Crip time as presence in parenting my son values the time it takes for him to respond to the relational moment. Kafer suggests that the association between extended time and disability is well known (Kafer 26). But she goes on to write that crip time in this sense is "not just expanded but exploded," challenging the standard, normative expectations about the way time works, not just how long something takes (27). For Will, waiting involves more than merely adding seconds to the countdown clock; it means slowing down and allowing him to define the pace. I can put his hip back in place, but it hurts him if I have to do it. Being present with him means letting him determine the time it takes for him to accomplish what he needs to accomplish.

Feeding Will has always been an adventure. Will moves his head back and forth a lot. We marvel that he must have the strongest neck muscles around given how consistently he works them. I put Will's food on his tray — two tubs of pureed food mixed with oatmeal cereal. I plop his bib on his head haphazardly and ask him to put it on, and I wait. He fumbles with it, finds the hole and successfully pulls it down, avoiding his glasses as he does. This is another moment of waiting where Will knows best how to get his own work done.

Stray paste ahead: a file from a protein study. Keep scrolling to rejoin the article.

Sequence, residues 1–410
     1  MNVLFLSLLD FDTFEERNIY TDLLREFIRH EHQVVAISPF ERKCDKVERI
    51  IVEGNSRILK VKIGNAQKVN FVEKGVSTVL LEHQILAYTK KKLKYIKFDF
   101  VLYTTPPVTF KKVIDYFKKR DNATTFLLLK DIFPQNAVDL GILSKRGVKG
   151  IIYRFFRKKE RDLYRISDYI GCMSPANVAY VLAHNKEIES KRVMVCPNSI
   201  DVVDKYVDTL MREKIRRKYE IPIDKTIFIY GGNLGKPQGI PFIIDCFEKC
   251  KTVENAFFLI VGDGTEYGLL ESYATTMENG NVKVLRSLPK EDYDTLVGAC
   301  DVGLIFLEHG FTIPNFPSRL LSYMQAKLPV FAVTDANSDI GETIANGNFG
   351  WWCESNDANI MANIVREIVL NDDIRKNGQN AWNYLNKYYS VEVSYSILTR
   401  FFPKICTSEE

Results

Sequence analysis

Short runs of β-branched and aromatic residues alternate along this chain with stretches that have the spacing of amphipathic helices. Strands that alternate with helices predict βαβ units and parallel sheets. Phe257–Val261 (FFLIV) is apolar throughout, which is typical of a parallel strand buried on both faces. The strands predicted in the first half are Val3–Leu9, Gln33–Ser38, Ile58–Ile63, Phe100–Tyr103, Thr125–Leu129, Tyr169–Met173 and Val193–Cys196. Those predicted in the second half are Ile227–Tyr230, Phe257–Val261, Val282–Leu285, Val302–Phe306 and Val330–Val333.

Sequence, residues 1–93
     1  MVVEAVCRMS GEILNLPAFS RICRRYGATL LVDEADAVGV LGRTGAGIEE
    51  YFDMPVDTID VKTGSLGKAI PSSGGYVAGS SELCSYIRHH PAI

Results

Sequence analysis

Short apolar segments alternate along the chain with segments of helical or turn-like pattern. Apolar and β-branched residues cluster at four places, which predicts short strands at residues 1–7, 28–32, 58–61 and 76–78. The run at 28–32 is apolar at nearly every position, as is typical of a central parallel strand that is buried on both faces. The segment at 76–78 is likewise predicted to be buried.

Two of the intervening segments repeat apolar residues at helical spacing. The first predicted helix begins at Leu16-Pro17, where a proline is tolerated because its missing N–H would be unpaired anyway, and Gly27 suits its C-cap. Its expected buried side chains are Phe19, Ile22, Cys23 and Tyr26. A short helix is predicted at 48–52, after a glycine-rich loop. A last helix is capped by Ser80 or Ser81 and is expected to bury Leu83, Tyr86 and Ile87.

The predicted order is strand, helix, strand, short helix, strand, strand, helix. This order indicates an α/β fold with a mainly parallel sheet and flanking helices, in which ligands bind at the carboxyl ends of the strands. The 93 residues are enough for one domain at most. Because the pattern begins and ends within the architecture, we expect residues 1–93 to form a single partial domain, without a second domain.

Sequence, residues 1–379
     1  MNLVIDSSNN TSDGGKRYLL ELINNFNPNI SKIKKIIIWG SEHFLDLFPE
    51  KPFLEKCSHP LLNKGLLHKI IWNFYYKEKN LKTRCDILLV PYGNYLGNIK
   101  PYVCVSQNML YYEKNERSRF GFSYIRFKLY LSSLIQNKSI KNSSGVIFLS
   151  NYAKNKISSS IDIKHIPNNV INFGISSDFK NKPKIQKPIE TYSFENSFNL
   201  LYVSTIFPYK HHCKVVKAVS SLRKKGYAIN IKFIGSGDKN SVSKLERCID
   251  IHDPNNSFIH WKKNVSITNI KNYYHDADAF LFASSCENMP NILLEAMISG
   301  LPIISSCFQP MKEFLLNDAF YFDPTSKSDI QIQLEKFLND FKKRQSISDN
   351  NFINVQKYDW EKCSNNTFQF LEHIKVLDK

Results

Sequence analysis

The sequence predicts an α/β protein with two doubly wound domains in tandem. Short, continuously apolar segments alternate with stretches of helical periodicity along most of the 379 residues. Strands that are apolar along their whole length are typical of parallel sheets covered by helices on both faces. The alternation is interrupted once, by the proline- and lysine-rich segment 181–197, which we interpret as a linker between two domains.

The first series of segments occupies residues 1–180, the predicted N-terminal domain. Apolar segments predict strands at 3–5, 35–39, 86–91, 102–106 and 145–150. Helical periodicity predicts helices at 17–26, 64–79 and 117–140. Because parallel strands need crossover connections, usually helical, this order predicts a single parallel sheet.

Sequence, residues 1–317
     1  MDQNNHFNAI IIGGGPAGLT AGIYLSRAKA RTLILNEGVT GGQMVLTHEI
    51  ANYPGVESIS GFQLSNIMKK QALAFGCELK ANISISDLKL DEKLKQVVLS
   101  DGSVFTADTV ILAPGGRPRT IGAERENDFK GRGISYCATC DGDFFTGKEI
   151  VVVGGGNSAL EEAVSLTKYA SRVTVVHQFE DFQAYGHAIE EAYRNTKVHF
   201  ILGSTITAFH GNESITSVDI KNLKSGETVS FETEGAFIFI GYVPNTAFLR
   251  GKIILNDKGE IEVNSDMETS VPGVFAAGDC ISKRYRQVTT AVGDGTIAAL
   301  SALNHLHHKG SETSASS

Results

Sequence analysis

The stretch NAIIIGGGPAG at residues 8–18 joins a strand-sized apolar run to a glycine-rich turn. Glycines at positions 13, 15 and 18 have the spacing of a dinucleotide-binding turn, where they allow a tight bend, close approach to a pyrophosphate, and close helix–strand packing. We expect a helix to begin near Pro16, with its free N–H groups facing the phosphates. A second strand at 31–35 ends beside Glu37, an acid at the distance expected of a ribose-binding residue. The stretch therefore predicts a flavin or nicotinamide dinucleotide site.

Feeding him means holding the spoon full of food up in front of his head and waiting for him to stop moving back and forth and to open his mouth. I wish I could say I was patient all the time, even most of the time. But in the right frame of mind, it is another moment, really a collection of moments, of letting time slow down and of just being present with Will as he works with the mind and body that he has.